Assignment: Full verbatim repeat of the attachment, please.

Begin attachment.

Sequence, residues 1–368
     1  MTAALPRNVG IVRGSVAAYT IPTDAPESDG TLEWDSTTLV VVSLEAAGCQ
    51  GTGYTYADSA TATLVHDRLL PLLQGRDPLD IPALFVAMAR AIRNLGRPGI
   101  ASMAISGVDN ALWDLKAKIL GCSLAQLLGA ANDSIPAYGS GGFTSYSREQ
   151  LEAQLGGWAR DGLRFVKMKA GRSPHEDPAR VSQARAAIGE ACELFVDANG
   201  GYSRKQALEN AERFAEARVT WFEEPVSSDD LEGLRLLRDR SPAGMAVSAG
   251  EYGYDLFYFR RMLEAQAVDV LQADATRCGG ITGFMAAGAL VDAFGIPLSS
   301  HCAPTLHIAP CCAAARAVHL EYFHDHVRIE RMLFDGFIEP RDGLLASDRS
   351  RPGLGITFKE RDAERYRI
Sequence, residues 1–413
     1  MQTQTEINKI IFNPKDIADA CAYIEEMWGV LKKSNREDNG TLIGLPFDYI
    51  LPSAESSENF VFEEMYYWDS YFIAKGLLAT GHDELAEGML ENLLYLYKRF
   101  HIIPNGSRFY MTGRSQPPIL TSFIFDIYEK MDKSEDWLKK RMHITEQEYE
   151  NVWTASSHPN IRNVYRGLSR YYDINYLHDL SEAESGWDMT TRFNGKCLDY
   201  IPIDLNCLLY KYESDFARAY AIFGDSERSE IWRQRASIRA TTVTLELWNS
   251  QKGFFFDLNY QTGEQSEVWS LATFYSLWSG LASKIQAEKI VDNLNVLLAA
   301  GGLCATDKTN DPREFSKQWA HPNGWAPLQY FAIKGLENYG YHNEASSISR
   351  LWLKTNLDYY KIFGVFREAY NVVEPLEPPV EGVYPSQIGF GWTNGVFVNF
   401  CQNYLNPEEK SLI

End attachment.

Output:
Sequence, residues 1–368
     1  MTAALPRNVG IVRGSVAAYT IPTDAPESDG TLEWDSTTLV VVSLEAAGCQ
    51  GTGYTYADSA TATLVHDRLL PLLQGRDPLD IPALFVAMAR AIRNLGRPGI
   101  ASMAISGVDN ALWDLKAKIL GCSLAQLLGA ANDSIPAYGS GGFTSYSREQ
   151  LEAQLGGWAR DGLRFVKMKA GRSPHEDPAR VSQARAAIGE ACELFVDANG
   201  GYSRKQALEN AERFAEARVT WFEEPVSSDD LEGLRLLRDR SPAGMAVSAG
   251  EYGYDLFYFR RMLEAQAVDV LQADATRCGG ITGFMAAGAL VDAFGIPLSS
   301  HCAPTLHIAP CCAAARAVHL EYFHDHVRIE RMLFDGFIEP RDGLLASDRS
   351  RPGLGITFKE RDAERYRI
Sequence, residues 1–413
     1  MQTQTEINKI IFNPKDIADA CAYIEEMWGV LKKSNREDNG TLIGLPFDYI
    51  LPSAESSENF VFEEMYYWDS YFIAKGLLAT GHDELAEGML ENLLYLYKRF
   101  HIIPNGSRFY MTGRSQPPIL TSFIFDIYEK MDKSEDWLKK RMHITEQEYE
   151  NVWTASSHPN IRNVYRGLSR YYDINYLHDL SEAESGWDMT TRFNGKCLDY
   201  IPIDLNCLLY KYESDFARAY AIFGDSERSE IWRQRASIRA TTVTLELWNS
   251  QKGFFFDLNY QTGEQSEVWS LATFYSLWSG LASKIQAEKI VDNLNVLLAA
   301  GGLCATDKTN DPREFSKQWA HPNGWAPLQY FAIKGLENYG YHNEASSISR
   351  LWLKTNLDYY KIFGVFREAY NVVEPLEPPV EGVYPSQIGF GWTNGVFVNF
   401  CQNYLNPEEK SLI